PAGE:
While people are often criticized for taking too many selfies, in this case selfies may have saved a life. According to a case study from The New England Journal of Medicine, a series of selfies helped a woman identify a parasite in her face. Ready to be horrified? According to the report, the woman sought medical attention after spending two weeks documenting a bump that seemed to be moving around her face underneath her skin. And that bump turned out to be a hella long parasitic worm.
"She had first noted a nodule below her left eye. Five days later, it had moved to above her left eye, and 10 days after that to the upper lip," Vladimir Kartashev, M.D. and Fernando Simon, Ph.D. wrote in the case study. The bump was accompanied by intermittent itching and burning, but she reportedly had no other symptoms, unless you count her skin crawling — literally.
The doctor identified the moving object under her left eyelid and was able to remove it surgically. The parasitic worm, known as Migrating Dirofilaria repens, is transmitted by mosquitos and though it's most commonly seen in animals, it can infect people too. In this case, it's thought that she may have contracted the worm on a recent trip to a rural area of Russia. The good news is that the parasite is unable to reproduce in humans. The bad news is that getting it means you have a worm living under your skin.
Seriously, seeing an object move around inside of your face might make you think you're going bananas (and there is actually a disorder called Ekbom Syndrome that causes people to believe their bodies are infested with bugs. However, by documenting the parasite in a series of selfies, this woman was able to get the appropriate treatment and make a full recovery after it was removed.
While it's rare for this type of parasite to infect humans, it's more common than you think. The journal Emerging Infectious Diseases reported that a German man went to the doctor for speech problems and an object moving under the skin of his arm after nine months of traveling in southern India and Sri Lanka. It was eventually discovered that he had contracted Dirofilaria repens, which was causing inflammation in his brain.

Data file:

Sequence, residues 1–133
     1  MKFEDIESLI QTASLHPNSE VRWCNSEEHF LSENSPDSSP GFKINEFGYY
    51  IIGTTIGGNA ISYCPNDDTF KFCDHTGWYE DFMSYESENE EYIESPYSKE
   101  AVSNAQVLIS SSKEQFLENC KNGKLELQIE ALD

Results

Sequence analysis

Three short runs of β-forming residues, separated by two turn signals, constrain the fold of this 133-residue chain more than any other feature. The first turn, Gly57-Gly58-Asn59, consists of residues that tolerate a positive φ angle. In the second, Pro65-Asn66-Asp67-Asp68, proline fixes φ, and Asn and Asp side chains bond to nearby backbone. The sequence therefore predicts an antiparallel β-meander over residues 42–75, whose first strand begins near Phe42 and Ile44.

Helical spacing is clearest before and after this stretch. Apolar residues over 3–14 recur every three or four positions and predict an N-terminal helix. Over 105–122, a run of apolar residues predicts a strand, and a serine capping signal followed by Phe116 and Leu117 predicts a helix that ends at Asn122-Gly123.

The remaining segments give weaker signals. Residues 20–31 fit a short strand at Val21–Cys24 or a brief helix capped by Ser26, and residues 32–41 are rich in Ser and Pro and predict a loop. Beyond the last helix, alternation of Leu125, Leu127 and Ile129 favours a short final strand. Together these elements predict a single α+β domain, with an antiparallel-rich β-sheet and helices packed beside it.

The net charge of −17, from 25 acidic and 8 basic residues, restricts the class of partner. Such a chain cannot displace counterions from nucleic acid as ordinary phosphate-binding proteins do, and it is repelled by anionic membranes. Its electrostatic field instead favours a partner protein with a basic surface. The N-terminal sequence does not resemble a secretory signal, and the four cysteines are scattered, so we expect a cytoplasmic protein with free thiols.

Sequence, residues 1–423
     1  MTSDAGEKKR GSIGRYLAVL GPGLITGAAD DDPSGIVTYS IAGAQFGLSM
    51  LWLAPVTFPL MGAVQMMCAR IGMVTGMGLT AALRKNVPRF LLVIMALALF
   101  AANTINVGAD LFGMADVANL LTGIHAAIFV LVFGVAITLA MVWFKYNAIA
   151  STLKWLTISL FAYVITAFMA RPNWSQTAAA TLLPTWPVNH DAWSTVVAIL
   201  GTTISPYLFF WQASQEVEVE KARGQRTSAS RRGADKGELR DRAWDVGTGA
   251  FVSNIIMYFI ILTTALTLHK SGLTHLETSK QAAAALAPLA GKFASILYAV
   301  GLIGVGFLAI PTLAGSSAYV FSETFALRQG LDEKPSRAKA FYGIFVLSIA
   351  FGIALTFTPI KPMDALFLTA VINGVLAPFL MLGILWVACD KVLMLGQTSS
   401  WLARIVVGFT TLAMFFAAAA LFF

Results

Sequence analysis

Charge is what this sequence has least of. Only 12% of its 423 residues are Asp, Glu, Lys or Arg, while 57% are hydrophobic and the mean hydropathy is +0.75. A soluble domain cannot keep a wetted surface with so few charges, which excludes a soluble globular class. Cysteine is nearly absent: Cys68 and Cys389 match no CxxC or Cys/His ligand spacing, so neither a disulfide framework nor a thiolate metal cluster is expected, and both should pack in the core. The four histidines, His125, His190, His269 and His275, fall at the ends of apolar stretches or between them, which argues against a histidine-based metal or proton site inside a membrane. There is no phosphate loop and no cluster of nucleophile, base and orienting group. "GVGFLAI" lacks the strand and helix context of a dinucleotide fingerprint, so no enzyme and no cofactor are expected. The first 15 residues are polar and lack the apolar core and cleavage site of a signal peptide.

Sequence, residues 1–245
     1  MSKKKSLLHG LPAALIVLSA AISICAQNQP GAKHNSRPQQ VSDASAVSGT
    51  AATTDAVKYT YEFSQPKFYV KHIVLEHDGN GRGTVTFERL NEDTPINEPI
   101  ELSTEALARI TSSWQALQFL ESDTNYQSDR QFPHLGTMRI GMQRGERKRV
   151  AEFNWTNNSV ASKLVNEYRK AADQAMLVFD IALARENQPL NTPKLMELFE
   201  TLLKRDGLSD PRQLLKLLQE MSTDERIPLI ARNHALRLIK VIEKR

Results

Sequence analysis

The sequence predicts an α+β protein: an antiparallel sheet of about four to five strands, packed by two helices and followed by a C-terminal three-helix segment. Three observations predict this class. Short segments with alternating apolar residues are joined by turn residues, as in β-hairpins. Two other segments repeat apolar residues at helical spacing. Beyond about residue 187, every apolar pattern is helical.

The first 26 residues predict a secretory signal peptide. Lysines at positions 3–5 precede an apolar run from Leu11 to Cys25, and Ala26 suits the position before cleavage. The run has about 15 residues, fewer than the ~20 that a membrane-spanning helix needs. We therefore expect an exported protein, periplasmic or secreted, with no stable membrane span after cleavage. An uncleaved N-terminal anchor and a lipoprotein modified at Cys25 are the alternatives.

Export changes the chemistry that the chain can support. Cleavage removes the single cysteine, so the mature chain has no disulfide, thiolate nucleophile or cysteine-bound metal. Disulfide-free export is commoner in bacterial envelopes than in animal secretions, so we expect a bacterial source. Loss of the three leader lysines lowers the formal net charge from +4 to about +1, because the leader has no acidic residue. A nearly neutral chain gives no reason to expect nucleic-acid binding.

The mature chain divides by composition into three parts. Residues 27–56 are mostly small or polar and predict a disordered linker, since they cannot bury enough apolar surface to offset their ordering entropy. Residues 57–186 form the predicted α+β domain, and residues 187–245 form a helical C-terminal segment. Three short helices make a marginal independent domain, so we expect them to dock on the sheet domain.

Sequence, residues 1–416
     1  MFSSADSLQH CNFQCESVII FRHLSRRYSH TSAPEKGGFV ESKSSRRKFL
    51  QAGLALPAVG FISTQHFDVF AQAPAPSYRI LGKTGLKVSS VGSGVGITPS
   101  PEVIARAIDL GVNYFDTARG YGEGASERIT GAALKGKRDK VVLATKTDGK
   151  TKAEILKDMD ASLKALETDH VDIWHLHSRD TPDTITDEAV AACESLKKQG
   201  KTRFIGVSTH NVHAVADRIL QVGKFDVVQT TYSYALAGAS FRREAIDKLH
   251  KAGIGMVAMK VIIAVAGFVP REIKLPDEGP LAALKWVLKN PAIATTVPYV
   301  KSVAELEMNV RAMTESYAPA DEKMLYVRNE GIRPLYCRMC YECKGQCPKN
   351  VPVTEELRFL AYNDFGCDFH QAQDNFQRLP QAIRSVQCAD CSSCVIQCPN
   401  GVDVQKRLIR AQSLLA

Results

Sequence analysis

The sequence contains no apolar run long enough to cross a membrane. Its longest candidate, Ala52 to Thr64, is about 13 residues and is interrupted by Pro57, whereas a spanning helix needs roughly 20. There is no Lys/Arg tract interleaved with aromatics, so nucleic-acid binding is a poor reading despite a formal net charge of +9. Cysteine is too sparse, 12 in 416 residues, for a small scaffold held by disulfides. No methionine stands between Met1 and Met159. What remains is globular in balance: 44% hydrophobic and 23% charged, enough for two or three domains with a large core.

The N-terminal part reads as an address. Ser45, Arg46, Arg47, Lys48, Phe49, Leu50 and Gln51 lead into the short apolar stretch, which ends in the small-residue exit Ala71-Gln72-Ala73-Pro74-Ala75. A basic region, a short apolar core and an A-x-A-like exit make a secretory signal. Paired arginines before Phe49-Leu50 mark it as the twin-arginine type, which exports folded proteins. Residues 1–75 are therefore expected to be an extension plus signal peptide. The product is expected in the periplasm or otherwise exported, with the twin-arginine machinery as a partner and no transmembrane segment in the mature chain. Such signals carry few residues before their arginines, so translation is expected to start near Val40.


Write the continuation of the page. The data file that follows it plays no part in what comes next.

Once the parasite was removed, the man recovered rapidly. People in Europe, Africa, and Asia are more likely to contract Dirofilaria repens, which is transmitted through mosquitos. But, because human infection is so rare, it can be hard to diagnose.
The Centers for Disease Control noted on its website that adult females can grow up to a foot long, and the parasite can live in its host for up to 10 years. If you have traveled to Europe, Africa, or Asia, and you see something moving under your skin, it's best to get it checked out because the CDC confirmed that this type of parasitic infection "manifests as either a wandering worm in the subcutaneous tissue or granulomatous [inflammation] nodule."
What's worse than having a parasitic worm crawling around your face for two weeks? How about getting labeled as bananas for thinking such a thing could be possible. "The parasite can appear and disappear in few minutes," Dr. Kartashev, a professor of medicine at Rostov State Medical University who saw the patient, told CNN in an email. "Doctors who are not familiar with the disease don't believe ... the patients. That's why I asked the patient to make selfies."
If you've seen the Criminal Minds episode "The Itch," then you might have some idea of what a person infected with Dirofilaria repens is going through. This is where those selfies can help. Because your doctor might write off your creeping-skin sensation as Ekbom Syndrome, documenting the journey of the parasite as it travels under your skin can provide the proof you need to get treated faster — assuming you haven't already passed out in horror at the sight of your skin moving.